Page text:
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Tue, 11 May 2021
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Sheeple

First They Came For The Cows - Are The Sheeple Next?




As the smell of burnt cow meat once again wafts across the southern English countryside, the stench is not only casting a pallor across the faces of Surrey farmers, but also threatening to expose the sordid relationship between the UK government, U.S. big business and the little-known world of "bio-terrorism".

Coffee

Diet food 'may fuel obesity risk'

Diet foods for children may inadvertently lead to overeating and obesity, say researchers.

In tests on young rats, animals given low-calorie versions of foods were induced to overeat, whether they were lean or obese.

The researchers believe low-calorie versions of usually high-calorie foods disrupt the body's ability to use taste to regulate calorific intake.

The University of Alberta study appears in the journal Obesity.

Coffee

Green tea holds promise as new treatment for inflammatory skin diseases

Green tea could hold promise as a new treatment for skin disorders such as psoriasis and dandruff, Medical College of Georgia researchers say.

Researchers studied an animal model for inflammatory skin diseases, which are often characterized by patches of dry, red, flaky skin caused by the inflammation and overproduction of skin cells. Those treated with green tea showed slower growth of skin cells and the presence of a gene that regulates the cells' life cycles.

"Psoriasis, an autoimmune disease, causes the skin to become thicker because the growth of skin cells is out of control," says Dr. Stephen Hsu, an oral biologist in the MCG School of Dentistry and lead investigator on the study published in the Aug. 18 edition of Experimental Dermatology. "In psoriasis, immune cells, which usually protect against infection, instead trigger the release of cytokines, which causes inflammation and the overproduction of skin cells."

Syringe

Court sees no right to unapproved medicines

Terminally ill patients do not have a constitutional right to experimental drugs not approved by regulators, a U.S. appeals court ruled on Tuesday.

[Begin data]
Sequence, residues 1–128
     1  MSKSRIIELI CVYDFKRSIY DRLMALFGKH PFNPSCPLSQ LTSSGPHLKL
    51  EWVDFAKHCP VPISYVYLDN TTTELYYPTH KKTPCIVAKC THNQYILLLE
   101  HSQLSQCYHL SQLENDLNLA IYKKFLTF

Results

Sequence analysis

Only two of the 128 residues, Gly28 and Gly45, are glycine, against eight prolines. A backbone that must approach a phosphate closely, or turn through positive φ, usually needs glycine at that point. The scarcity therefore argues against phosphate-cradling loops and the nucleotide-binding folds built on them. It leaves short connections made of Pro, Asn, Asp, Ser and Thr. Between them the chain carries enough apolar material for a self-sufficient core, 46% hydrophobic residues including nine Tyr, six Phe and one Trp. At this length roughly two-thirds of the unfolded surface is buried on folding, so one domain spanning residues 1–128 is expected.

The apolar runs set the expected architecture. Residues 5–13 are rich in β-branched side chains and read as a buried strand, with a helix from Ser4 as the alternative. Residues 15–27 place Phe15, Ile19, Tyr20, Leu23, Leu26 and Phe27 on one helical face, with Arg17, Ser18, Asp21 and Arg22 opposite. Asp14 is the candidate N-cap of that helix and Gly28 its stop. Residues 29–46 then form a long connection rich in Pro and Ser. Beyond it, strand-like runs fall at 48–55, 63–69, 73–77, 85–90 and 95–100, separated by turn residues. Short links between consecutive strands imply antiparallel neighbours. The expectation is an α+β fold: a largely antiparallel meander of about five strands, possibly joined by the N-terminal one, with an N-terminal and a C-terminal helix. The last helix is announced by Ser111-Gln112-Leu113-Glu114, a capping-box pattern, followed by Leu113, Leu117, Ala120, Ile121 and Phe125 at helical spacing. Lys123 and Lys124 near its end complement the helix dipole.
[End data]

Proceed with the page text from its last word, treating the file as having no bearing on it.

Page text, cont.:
Comment:

©NewsTarget.com




Bomb

Veterans' Rare Cancers Raise Fears of Toxic Battlefields

In the wake of an Iraqi official last month blaming America's use of depleted uranium munitions in its 2003 "Shock and Awe" campaign for a surge in cancer there, the Defense Department is facing an October deadline for providing a comprehensive report to Congress on the health effects of such weapons.

©US Department of Defense
Depleted Uranium Shells

Smiley

DVDs Don't Produce Brainy Babies

DVDs and videos that claim to help boost infants' ability to learn new words may actually hinder their language development, a new study says.

Clock

South Asia on Brink of 'Health Crisis' After Floods, UN Says

Millions of villagers hit by monsoon floods across northern India, Bangladesh and Nepal are ''days away from a health crisis,'' as stagnant waters become a breeding ground for disease, the United Nations said.

Coffee

Caffeine Protects Thinking And Memory In Older Women

New research by scientists in France and Portugal suggests that drinking caffeine may help protect thinking and memory skills in older women.

The study is published in Neurology, the journal of the American Academy of Neurology (AAN).

Bomb

The timebomb diseases that scientists are breeding in our labs

The fact that a biological research laboratory was probably the source of the foot and mouth outbreak is, paradoxically, both hugely reassuring and at first sight very worrying.

Comment: Reassuring???

Reassuring because if the multinational firm Merial Animal Health Labs was responsible for the outbreak, then scientists will know exactly which strain of the virus is responsible and will have a vaccine readily available - indeed, the cause of the outbreak would have been the very foot and mouth vaccines that the scientists are producing in huge quantities.

Comment: Insane wishful thinking!!!!

Arrow Down

Indian ruling on drug patent hailed as boon to world's poor

An Indian court on Monday rejected a challenge to the country's patent laws by Swiss pharmaceutical giant Novartis, a decision lauded by medical aid groups as a victory for millions of poor patients in developing countries.